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Essays / January 30, 2017

Anxiety Art for a New Era

Anxiety is one aspect of futurity: dread about what’s to come. In a hyper-medicated, social-media age, images give an unprecedented, voyeuristic window into anxiety—and where it dovetails with the performance of gender
Chloe Wise, <em> A Treachery</em>, 2016. Oil on canvas  76.2 x 61 cm. Courtesy Division Gallery, Montreal  Chloe Wise, A Treachery, 2016. Oil on canvas 76.2 x 61 cm. Courtesy Division Gallery, Montreal

Closeness is a conditional invitation in art, where most gallery works come with warnings not to touch and security guards side-eyeing from nearby corners. In the absence of guardianship, anyone raised in the company of other humans knows that art is, unless otherwise stated, eyes-only and from a suitable distance.

In August 2016, Instagram introduced a zoom feature that promised users the ability to “dive into an adorable puppy’s smile,” which no one burdened with a soul has ever prized a zoom for. We want to get closer to things not meant to be seen, or that feel encrypted from a slight distance. In Antonioni’s 1966 film Blow-Up, a photographer emerges from his darkroom with evidence of a murder. Instagram offers an opportunity to pinch closer on things that in life would be tactless or salacious to look at. A body part or an unmade bed; a prescription in the deep background, camouflaged by perfume bottles. We’re not looking for murder. We’re looking for vulnerability.

Long before the in-app zoom, artists and personas on Instagram were trying for that kind of closeness themselves—tableaux vivant with flash; faces fraught with anxiety, depression, grief, petulance or sometimes just trails of wet mascara.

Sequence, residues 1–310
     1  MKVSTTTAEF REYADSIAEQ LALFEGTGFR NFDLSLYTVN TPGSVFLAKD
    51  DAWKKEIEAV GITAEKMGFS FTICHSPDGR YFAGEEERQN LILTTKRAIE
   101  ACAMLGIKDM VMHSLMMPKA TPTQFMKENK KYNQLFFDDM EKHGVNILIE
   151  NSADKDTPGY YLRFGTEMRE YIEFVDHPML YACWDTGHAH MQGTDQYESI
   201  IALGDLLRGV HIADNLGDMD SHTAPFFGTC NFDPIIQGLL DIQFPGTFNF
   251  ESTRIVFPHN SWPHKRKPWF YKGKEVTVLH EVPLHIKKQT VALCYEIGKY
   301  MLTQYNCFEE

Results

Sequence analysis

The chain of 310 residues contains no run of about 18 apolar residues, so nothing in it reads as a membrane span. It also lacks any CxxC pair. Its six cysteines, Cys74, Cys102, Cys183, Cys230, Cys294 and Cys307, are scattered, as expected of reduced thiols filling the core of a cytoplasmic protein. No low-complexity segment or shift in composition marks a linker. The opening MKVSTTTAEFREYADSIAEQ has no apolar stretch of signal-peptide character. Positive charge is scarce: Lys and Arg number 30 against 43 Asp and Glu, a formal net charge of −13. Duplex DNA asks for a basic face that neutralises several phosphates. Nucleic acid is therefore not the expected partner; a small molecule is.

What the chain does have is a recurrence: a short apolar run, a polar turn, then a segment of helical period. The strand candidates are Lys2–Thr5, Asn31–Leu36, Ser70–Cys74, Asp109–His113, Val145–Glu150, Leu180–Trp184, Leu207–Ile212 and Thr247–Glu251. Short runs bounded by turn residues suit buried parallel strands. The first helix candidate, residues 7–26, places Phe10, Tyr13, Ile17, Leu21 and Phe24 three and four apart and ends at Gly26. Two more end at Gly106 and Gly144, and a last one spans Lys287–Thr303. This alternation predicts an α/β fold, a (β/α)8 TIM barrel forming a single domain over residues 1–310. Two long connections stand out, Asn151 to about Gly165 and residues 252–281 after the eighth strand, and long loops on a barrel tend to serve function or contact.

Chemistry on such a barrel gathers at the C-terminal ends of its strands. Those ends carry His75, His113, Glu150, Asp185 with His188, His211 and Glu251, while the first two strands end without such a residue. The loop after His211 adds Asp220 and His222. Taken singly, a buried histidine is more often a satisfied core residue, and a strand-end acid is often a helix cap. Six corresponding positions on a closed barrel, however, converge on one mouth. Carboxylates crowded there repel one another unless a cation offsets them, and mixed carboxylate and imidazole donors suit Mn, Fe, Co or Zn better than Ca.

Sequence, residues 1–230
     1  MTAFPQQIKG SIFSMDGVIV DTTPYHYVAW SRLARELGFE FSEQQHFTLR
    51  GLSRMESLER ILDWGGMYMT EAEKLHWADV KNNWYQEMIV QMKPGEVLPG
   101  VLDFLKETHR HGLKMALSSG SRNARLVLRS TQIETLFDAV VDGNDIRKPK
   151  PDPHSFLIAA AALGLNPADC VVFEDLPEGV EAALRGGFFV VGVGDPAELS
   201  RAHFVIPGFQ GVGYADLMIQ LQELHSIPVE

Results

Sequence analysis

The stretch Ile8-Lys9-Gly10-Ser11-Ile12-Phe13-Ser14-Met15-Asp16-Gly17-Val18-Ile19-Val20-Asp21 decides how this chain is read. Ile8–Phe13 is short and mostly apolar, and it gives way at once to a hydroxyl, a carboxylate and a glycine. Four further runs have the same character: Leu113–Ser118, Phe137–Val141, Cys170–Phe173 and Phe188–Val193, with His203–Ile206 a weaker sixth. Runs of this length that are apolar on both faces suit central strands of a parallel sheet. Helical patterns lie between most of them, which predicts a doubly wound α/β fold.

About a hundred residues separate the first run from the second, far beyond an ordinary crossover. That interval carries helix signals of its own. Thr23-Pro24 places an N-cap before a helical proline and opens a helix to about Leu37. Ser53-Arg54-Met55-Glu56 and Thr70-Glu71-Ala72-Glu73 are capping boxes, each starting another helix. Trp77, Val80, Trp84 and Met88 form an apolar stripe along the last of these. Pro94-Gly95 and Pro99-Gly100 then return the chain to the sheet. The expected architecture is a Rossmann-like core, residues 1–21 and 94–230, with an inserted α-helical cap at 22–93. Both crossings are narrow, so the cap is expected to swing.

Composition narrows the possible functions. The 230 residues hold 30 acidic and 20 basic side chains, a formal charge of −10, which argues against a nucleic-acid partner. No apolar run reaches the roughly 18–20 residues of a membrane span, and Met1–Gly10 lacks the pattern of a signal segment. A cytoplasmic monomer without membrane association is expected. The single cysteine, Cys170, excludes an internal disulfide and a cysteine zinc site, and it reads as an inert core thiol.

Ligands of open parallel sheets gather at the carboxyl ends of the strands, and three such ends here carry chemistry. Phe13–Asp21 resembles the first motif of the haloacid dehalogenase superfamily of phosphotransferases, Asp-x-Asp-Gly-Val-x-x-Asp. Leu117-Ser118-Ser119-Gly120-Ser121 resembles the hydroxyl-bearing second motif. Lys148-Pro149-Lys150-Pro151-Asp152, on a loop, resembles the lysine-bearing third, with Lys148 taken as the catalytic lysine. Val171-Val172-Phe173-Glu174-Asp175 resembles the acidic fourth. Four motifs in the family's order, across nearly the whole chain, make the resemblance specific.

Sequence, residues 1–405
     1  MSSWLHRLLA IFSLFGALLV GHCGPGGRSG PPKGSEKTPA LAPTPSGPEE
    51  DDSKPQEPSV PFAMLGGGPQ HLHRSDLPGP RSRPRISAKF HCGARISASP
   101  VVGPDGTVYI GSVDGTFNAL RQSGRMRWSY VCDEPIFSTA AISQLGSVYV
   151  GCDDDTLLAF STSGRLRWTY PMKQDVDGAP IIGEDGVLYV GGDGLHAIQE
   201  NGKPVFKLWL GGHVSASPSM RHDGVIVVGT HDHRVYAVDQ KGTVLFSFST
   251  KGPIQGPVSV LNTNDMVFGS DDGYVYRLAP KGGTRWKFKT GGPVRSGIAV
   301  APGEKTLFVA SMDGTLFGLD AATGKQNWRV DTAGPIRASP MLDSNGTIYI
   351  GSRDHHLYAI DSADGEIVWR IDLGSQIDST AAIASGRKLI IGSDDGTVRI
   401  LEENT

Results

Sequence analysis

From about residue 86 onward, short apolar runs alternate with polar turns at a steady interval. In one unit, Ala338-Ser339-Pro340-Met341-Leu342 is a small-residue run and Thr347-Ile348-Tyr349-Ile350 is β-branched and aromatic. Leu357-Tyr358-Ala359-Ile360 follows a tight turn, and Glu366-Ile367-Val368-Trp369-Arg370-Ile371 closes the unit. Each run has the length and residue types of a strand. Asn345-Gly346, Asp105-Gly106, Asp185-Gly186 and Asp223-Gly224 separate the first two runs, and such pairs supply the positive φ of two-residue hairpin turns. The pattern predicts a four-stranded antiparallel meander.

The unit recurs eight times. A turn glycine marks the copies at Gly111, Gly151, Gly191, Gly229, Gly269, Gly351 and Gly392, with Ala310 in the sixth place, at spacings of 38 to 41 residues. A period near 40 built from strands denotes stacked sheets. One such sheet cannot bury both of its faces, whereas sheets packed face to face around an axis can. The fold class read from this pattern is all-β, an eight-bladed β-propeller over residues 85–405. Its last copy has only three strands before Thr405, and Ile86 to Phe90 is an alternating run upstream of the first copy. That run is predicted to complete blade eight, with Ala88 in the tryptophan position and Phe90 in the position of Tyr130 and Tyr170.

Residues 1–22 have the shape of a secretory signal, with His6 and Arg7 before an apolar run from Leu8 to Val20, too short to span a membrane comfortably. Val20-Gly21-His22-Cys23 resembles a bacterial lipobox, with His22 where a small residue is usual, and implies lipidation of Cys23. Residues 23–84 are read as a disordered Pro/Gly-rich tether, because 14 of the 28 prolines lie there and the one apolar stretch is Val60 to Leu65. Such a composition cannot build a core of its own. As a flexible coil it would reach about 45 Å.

i have decided to take a hiatus from social media ~~ i’ve grown increasingly unsettled and at times deeply hurt by the climate of online feminism and my own position w/in it. i worry my ideas are eclipsed by my identity as an “instagram girl” and i watch as ppl whose work i really respect write me off and ppl whose work i don’t respect cite me as inspiration. “sad girl theory” is often understood at its most reductive, instead of as a proposal to open up more spacious discussions abt what activism could look like. my internet presence has been the best and worst thing in my life, and i owe it so much (so many friends! so much knowledge! so much solidarity and hope!!!) and i also find myself afraid of it, afraid of fucking up, afraid of being misunderstood, afraid of trusting ppl. that fear is toxic and stops me from writing/making the work i need to make. i’ll be back, and you can always find me around email or LA. in solidarity, tragic queens forever, audrey xxxxxx

A photo posted by tragic queen (@audreywollen) on May 10, 2016 at 2:28pm PDT

On May 10, 2016, artist @audreywollen (25.4K followers) posted an image to her Instagram account: an iPhone next to a white lily, Wollen’s lovely face gazing straight up, slicks of water on the screen standing in for tears. Wollen is best known as the diviner of Sad Girl Theory, one that takes a recognizable archetype and undermines it in execution. The Sad Girl’s forebears can be seen in the likes of Vermeer’s Girl with a Pearl Earring, Manet’s Olympia or Velázquez’s Rokeby Venus, which Wollen reprised in her image, only to have it lifted by artist and Instagram thief Richard Prince. Wollen condemned Prince’s use with a screenshot of his post and the caption “portrait of @richardprince4 and his predatory appropriation of naked young girls.”